The Solar Two 20-300 GeV Gamma-ray Observatory

J.A. Zweerink, D. Bhattacharya, G. Mohanty, U. Mohideen, R. Rieben, V. Souchkov, H. Tom, T.O. Tumer

A. Radu


The Solar Two Gamma-Ray Observatory is designed to close the energy gap between 20-300 GeV that is inaccessible by current instruments, such as the satellite-borne EGRET detector and the ground-based Whipple 10 Meter telescope. Utilizing the facilities of the Solar Two Power Plant in Barstow, CA, the observatory will detect the Cherenkov light generated as high-energy gamma rays and charged cosmic-ray particles interact with the atmosphere. With over 2000 heliostats available, Solar Two has the largest heliostat mirror area in the world and, thus, the potential to be the most sensitive gamma-ray detector at these energies.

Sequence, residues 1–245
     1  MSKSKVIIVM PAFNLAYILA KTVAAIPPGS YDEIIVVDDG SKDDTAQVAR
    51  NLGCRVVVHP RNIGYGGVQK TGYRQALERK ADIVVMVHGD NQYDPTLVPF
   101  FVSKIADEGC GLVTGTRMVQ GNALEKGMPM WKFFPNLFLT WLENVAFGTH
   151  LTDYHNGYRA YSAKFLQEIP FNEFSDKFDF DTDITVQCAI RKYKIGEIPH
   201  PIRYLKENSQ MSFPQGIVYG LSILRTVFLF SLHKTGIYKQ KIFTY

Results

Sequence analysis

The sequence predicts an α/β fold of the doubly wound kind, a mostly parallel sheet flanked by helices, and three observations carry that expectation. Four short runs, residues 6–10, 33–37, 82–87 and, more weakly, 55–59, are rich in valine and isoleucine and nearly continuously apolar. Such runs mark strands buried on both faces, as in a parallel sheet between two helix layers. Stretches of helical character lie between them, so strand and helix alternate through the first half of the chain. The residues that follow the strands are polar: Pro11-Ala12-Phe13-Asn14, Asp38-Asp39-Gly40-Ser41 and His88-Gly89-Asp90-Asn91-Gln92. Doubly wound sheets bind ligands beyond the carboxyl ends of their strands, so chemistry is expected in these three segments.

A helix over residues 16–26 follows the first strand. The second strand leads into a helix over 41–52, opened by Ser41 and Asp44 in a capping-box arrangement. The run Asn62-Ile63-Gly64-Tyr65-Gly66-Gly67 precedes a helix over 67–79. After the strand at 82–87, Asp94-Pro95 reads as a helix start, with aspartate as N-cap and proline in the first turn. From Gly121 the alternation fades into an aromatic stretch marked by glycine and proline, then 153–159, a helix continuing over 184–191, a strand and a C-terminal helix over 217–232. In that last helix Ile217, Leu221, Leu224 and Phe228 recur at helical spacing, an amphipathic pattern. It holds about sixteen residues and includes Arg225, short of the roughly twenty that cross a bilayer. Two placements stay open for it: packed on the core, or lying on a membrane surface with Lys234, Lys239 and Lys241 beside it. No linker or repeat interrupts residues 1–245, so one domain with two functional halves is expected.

A secondary mirror system capable of imaging 32 heliostats has been built and is being calibrated, with the first observations expected when the Crab Nebula becomes observable in October. We report on the design and testing of this secondary mirror system including the PMT camera, electronics, and heliostat field.

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On 16 Jul 1999, 09:19.